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Licensed Unlicensed Requires Authentication Published by De Gruyter October 21, 2014

Against the Maximality Principle

C. S. Sutton
From the journal Metaphysica

Abstract

To hold that only one conscious thing is sitting in your chair, philosophers have appealed to maximality: If a property M is maximal, then anything that has property M does not have large proper parts that have property M. Philosophers have said that ordinary objects are maximal, including houses, cats, rocks, and have argued by analogy that consciousness is maximal. I argue that the maximality principle mistakenly excludes some members of a kind. Thus, it is not the correct principle to explain why, for example, you are conscious but the proper part that is all-of-you-but-your-arm is not conscious.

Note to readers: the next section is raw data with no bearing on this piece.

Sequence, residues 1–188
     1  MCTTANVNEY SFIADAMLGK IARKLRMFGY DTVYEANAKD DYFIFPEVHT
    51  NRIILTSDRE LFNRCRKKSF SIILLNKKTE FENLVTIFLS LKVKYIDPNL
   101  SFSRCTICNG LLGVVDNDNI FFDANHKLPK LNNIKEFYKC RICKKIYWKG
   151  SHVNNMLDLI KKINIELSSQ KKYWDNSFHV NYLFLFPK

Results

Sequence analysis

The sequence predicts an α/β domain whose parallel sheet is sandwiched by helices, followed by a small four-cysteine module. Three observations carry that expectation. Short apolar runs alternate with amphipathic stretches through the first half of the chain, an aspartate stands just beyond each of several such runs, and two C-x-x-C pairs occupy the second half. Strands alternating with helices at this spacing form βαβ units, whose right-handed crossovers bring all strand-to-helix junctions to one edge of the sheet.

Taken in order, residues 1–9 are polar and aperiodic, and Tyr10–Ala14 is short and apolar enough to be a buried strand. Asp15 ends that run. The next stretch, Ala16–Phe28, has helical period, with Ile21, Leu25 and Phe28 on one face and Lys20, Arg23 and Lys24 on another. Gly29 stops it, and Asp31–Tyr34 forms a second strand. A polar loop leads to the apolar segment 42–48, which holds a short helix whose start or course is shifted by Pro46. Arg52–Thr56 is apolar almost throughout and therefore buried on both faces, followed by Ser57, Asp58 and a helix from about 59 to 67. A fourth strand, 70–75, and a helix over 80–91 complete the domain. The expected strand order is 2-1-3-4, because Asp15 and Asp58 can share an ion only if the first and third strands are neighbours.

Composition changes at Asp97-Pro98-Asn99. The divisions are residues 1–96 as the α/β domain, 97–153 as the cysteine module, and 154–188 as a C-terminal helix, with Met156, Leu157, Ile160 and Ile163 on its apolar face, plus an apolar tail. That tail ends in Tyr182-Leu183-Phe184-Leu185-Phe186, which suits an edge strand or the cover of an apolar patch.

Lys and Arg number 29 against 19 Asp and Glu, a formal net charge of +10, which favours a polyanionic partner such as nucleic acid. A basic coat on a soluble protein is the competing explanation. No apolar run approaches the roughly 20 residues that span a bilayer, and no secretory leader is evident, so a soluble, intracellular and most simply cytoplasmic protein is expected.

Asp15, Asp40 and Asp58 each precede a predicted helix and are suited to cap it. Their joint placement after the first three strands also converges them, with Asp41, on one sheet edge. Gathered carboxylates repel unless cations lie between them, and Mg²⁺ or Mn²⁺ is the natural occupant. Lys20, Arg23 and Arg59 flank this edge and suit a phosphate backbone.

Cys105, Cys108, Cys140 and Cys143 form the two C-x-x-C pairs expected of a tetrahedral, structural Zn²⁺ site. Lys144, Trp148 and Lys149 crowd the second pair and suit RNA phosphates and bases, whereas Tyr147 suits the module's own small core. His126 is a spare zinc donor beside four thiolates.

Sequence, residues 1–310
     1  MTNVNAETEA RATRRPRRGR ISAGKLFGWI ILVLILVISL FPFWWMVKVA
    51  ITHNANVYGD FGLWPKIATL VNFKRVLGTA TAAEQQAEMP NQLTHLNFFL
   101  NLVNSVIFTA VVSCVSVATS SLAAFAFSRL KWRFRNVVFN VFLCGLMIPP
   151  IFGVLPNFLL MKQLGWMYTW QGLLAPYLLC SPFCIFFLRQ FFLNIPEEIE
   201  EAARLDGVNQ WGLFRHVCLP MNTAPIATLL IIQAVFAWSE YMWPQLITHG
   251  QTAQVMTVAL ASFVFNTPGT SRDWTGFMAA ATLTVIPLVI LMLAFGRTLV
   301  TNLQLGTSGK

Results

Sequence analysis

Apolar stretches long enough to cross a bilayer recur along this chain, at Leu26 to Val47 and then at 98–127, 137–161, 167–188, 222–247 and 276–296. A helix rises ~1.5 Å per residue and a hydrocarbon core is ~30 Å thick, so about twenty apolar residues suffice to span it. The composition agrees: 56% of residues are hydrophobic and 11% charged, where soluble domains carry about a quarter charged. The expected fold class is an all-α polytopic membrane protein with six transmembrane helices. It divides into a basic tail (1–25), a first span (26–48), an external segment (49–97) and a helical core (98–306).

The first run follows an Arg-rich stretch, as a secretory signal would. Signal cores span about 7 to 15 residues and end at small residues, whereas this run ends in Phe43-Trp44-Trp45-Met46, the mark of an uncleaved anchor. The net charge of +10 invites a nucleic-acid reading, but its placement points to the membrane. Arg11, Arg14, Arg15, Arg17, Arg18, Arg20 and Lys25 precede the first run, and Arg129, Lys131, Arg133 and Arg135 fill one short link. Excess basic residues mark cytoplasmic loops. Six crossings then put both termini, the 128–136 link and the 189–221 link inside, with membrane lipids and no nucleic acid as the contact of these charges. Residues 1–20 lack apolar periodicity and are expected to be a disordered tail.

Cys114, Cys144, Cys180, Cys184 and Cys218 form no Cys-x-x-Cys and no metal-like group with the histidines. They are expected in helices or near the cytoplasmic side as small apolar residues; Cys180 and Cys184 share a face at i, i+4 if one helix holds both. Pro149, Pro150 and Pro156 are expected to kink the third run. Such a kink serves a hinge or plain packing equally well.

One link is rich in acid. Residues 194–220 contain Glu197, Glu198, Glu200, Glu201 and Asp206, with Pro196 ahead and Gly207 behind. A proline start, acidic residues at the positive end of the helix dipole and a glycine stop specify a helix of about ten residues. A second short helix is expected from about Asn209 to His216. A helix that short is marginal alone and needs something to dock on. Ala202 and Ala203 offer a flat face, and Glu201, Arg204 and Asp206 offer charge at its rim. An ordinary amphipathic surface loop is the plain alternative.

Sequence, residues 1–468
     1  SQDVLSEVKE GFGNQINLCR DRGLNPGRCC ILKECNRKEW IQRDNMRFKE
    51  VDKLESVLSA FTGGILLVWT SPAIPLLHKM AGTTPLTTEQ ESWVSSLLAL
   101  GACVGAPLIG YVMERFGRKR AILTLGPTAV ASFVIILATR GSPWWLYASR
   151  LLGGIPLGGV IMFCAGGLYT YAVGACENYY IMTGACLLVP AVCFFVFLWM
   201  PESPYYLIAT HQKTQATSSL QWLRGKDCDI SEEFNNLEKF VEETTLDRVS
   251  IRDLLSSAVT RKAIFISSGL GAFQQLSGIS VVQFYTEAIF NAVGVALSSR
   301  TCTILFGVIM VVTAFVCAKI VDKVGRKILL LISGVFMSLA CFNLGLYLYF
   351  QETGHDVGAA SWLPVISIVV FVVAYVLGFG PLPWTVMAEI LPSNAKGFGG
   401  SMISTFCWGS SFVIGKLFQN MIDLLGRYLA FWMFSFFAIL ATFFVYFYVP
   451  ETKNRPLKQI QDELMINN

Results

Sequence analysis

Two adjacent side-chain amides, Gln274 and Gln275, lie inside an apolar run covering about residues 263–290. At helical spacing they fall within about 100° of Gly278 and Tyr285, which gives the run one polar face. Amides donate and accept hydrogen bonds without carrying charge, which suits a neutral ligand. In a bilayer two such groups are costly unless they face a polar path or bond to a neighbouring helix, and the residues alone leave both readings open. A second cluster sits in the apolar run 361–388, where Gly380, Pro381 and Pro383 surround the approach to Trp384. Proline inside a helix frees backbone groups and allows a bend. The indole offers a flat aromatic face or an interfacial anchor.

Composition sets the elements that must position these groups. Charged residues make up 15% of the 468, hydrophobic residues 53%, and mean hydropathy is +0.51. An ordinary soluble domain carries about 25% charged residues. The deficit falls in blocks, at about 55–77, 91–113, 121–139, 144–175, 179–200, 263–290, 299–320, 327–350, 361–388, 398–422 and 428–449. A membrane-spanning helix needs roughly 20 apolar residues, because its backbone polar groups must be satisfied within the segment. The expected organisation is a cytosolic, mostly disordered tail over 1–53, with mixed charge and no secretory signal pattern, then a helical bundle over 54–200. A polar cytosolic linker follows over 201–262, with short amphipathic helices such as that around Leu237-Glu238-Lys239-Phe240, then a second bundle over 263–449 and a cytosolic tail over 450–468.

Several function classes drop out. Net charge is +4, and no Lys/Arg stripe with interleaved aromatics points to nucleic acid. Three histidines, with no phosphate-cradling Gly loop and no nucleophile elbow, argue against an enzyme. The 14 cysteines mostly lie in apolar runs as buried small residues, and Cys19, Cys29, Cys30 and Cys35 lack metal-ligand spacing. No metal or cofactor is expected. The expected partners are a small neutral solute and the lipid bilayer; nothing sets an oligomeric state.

Acknowledgments

For suggestions on earlier drafts of this paper, thanks to Donald Smith and the members of his Richmond-area paper workshop, and to Andrew Bailey, Trenton Merricks, Peter Sutton, and an audience at the 2014 meeting of the Southern Society for Philosophy and Psychology.

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Published Online: 2014-10-21
Published in Print: 2014-11-28

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